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Re: [pct-l] Weight lose on a thruhiike

Hi Joanne -- I am finally able to get back on the net after helping Mom 
through some problems at the Nursing HOme. We had some entertaining to do 
and I have a short repreive before the next crunch starts! We've enjoyed 
your discussions on the net, you are really bringing up some great thought 
proviking and helpful points about thruhiking, getting the rest of us 
thinking in the right directions -- thanks.

I wish that in '97 instead of being satisfied with being heavy at the start 
of our hike I had lost weight instead.  Each of your comments about weight 
hit the mark.  Being lighter weight to begin will certainly help not getting 
as many blisters and sore muscles.  Since your comments are so relevant and 
important I am listing them again:  

>I would feel better starting my thruhike in April.(I feel lighter,it is 
easier on the joints and tendons, I take the heat better, and proportion -
ately get more oxygen to my muscles without having to carry and feed extra 
fat ).  I am trying to be scrupulous about every ounce I put into my pack, 
it seems to be counterproductive to start out carrying an extra 10 pounds on 
my body.>   This is so very important and will help to insure a better 
beginning to your hike and make it a more successful one because you are 
avoiding problems at the start of your hike so they don't haunt you 
throughout the adventure and make is more enjoyable!!!

>What are the women's experiences?>  I didn't start losing any noticable 
weight for 4-5 weeks, eventhough I wasn't hungry!  My summation is that I 
was losing fat and building muscle.  In the desert areas the heat dulled my 
appetite and I was always so tired my stomach rebelled at food, but I made 
sure never to feel thirsty so I drank an great deal of water -- that 
probably had a part in my never feeling hungry.  The theory about drinking 
lots of water is that when you do feel dehydrated, you already are.  Walt 
and I carried soda bottles and Nagalene bottles in '97 but have since gone 
to Platypus containers -- so much lighter and more compact for the pack.  
You can carry extras and send extras to yourself so much easier because they 
roll up and are very light.  We still carry Gatorade bottles to mix our 
Carnation Breakfasts in for our early morning get away (we mixed them up the 
night before). Since these bottles are disposable, they get replaced at 
every town with gatorade when we re-supply.  I suffered greatly with leg 
muscle cramps and needed gatorade throughout the day.  My doctor told me to 
keep the mixture to 1/3 powered gatorade to 2/3 water -- less if needed. 
Adding too much gatorade causes it to build up in your body and can cause 
naseua and other problems. I have since gotten a prescription for quinnine 
and take it at bedtime -- this really helps keep the cramps at bay.
>If there is a large weight lose, how much was it and when on the thru hike 
did it peak;(at Sonora Pass I had lost 15 - 18 lbs) when did the weight lose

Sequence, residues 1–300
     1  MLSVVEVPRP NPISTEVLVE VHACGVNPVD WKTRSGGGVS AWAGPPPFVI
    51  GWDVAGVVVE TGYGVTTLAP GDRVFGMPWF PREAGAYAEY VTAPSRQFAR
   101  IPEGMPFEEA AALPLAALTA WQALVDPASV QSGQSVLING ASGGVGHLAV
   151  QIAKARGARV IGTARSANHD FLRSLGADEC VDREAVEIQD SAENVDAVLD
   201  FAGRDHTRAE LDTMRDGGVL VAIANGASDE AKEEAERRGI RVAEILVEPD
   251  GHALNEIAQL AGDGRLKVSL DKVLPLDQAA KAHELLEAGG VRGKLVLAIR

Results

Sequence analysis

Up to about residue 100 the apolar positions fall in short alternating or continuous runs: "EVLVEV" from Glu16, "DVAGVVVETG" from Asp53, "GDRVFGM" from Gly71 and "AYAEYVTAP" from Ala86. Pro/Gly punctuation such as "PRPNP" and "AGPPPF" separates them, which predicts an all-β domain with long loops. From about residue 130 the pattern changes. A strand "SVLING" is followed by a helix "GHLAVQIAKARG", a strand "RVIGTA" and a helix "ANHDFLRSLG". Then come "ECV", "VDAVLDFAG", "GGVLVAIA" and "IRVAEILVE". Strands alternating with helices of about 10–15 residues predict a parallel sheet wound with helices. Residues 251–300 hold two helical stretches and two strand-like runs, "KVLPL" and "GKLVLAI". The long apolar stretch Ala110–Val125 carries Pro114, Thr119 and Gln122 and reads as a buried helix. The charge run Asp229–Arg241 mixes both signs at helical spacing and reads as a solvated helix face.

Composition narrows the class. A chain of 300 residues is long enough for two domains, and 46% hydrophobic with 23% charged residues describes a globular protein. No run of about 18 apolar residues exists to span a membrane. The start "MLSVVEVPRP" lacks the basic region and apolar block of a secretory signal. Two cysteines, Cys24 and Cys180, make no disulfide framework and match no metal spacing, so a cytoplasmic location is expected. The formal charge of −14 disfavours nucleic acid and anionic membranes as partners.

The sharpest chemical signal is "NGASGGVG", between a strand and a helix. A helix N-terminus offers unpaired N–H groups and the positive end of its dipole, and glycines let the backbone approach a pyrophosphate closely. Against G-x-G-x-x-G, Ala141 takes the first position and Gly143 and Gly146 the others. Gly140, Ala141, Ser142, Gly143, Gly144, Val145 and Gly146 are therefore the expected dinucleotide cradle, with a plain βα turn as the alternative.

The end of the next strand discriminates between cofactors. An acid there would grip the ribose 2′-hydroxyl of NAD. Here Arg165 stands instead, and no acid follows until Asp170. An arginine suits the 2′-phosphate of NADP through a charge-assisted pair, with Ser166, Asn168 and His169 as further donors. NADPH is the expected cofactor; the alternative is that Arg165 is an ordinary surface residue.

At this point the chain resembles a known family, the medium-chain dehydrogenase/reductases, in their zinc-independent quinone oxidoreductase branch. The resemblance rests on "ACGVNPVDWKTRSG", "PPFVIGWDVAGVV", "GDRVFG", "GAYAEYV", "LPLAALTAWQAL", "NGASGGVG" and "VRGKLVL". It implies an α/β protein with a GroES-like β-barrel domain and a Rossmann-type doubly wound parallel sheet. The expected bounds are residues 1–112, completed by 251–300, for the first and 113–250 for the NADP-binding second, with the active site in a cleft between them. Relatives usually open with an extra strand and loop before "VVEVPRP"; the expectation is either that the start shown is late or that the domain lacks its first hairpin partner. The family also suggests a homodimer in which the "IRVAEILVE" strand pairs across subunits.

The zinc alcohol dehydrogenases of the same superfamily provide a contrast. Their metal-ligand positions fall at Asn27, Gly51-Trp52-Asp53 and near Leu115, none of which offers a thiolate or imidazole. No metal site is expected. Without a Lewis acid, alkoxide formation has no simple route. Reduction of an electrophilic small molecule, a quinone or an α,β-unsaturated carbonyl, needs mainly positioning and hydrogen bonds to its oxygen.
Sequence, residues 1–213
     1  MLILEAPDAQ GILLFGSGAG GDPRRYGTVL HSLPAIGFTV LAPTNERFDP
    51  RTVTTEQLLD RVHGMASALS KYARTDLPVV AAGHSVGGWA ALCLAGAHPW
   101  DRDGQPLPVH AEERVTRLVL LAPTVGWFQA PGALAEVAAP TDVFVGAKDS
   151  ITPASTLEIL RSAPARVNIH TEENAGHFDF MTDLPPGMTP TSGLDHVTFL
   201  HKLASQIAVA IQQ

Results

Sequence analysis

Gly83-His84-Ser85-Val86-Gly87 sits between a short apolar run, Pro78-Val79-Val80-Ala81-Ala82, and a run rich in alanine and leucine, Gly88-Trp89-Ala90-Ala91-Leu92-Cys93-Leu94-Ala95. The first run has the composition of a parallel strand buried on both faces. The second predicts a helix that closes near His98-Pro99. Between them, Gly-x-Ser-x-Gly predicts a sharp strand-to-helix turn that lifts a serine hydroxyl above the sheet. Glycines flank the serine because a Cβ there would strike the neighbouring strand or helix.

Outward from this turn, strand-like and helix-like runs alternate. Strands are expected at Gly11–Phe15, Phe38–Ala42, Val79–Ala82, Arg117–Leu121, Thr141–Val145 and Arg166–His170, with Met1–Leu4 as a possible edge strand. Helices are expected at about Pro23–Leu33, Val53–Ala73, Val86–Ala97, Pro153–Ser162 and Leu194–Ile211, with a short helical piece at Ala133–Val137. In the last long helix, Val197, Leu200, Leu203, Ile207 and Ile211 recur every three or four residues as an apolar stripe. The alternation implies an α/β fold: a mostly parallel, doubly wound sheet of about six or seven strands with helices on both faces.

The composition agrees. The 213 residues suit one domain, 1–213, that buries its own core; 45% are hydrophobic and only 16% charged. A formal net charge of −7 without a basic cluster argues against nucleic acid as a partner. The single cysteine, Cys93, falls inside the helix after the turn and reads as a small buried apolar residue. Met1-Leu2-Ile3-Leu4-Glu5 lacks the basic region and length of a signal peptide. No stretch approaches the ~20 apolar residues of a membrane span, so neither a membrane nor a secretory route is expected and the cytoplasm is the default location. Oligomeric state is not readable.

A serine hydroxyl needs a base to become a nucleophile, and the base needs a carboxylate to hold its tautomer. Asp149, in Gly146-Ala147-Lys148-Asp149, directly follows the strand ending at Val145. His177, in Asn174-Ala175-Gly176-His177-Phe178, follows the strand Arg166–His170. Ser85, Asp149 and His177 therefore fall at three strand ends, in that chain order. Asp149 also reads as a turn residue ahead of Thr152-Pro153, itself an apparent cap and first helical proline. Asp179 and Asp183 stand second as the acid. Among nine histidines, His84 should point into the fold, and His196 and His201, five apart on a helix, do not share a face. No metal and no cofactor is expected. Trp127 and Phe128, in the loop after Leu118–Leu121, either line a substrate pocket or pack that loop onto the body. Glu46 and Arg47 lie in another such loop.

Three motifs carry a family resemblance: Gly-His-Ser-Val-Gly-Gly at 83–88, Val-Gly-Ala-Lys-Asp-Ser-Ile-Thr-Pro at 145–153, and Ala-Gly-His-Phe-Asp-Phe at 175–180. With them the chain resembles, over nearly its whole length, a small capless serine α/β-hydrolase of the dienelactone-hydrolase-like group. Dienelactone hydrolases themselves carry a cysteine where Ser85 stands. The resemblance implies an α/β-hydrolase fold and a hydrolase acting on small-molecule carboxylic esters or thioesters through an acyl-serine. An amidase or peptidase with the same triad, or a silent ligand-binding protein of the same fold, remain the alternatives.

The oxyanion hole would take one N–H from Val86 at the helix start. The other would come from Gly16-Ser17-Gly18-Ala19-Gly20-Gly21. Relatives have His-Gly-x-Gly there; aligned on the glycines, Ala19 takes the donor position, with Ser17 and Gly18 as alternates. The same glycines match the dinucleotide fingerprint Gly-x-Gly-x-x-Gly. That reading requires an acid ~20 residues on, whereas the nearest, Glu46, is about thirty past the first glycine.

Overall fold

start to taper off? I still lost weight even after I got off the trail 
(another 5-6 lbs -- but not for long!!  Bad thing was I was in that "Feeding 
Frenzy" mode for at least a month and would find myself coming out of a 
store eating those wonderful 3-6 candy bars, a monstrus coke, ice cream -- 
you name it, I ate it. I don't even remember picking it up, buying it  -- 
much less eating it sooo --I gained 20 pounds in less than 3 months and was 
almost back to my BEFORE hike weight!!!.

I can't stress theis enough, more than your breakfast, lunch or dinner, 
snacks become your main food and get eaten all day long while hiking --they  
provide your energy on a continuing basis.  I still love Baby Ruths and 
Almond Joys and can't wait to get back on the trail so I can have them to my 
hearts content! That is how important SNACKS were on the trail. 

Walt and I wished we hadn't mailed ANY food boxes to ourselves until Kennedy 
Meadows in '97 (except Warner Springs -- no close stores but you can hitch 
to one out of town) and we won't this year.  Notice I didn't say not to mail 
gear if you want to.  Another draw back is the day of the week that you get 
into town to pick up these boxes-- Saturdays and Sundays are the pits making 
mandatory layovers if you miss getting to the Post Office when they are open 
on Satuday  -- don't forget those holidays either!!  There are PLENTY of 
places in Southern California for food and lots of small stops at stores to 
resupply for snacks.  You will make better time too, we hated having to 
gauge our days miles on the Post Office being open -- it caused us lots of 
unhappy hours when we could have taken our time and enjoyed the scenary!  We 
will probably not use our stove until Mt. Laguna or Warner Springs either 
and will send our stove ahead.  You can buy food in Campo to last until Mt. 
Laguna -- you save carrying the extra weight and can therefore carry more 
water if needed. Remember to walk just past the campgrounds at Lake Moraine 
(take advantage of their great free showers at the camp) and stop at the 
Malt Shop for food!

If you are starting our in early April Joanne, you might check to see if the 
campground and shop will be open -- it maybe too early for them.  If so, you 
may want to carry your stove.

Looking forward to seeing you somewhere on the PCT.  

Happy Trails -- Granny Gear (Pat) 

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